State Engineer v. Happy Creek, Inc.

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Justia Opinion Summary

The Supreme Court affirmed the district court's decision to reinstate Happy Creek, Inc.'s original water rights' priority dates in equity, holding that, under the extraordinary circumstances of this case, the district court properly granted equitable relief for Happy Creek.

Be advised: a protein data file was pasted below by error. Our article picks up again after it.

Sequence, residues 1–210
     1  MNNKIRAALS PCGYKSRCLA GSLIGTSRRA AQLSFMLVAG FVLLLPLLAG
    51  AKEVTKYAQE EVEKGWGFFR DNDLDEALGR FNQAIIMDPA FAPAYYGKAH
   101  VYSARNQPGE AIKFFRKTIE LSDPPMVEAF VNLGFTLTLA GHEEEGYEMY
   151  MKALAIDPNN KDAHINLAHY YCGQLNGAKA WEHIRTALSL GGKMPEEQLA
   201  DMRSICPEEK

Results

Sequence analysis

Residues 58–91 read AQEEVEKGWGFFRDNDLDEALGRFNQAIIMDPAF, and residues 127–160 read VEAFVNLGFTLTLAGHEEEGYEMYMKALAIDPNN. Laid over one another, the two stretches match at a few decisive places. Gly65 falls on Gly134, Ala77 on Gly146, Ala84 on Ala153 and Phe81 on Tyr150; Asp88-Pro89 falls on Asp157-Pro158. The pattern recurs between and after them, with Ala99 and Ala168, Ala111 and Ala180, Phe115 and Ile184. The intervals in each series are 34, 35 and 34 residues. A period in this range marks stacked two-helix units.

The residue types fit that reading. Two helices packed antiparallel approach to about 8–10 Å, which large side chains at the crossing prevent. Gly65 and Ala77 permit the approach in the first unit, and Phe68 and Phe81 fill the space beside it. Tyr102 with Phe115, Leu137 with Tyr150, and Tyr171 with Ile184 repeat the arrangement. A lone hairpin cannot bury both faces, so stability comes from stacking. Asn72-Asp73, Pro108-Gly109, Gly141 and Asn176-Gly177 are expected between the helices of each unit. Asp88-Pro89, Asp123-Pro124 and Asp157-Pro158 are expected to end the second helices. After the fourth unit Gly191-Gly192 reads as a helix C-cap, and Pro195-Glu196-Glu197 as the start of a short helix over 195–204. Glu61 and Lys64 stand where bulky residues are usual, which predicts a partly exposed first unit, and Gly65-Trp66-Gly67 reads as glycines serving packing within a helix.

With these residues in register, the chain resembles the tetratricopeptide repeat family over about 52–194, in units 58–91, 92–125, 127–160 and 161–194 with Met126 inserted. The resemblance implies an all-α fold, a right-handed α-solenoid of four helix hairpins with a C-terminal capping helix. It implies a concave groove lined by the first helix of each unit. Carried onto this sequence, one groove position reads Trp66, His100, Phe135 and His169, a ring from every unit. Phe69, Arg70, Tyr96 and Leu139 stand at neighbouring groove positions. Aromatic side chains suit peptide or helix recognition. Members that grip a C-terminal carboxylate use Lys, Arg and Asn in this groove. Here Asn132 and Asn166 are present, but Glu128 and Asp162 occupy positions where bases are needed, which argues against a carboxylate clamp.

As mandated by Nev. Rev. Stat. 533.410 the State Engineer canceled Happy Creek's ground water permits after Happy Creek's agent missed a filing deadline by a few weeks. Accordingly, Happy Creek lost more than fifty years of priority in water rights despite having invested $1 million in improving water-use efficiency and having met the other substantive criteria for maintaining priority of its water rights. Happy Creek's groundwater rights were in an over-appropriated basin, and therefore, Happy Creek was threatened with complete loss of use of water. The district court granted equitable relief by restoring Happy Creek's original senior priority dates. The Supreme Court affirmed, holding that pursuant to State Engineer v. American National Insurance Co., 498 P.2d 1329 (Nev. 1972), and its progeny, the district court properly granted Happy Creek equitable relief.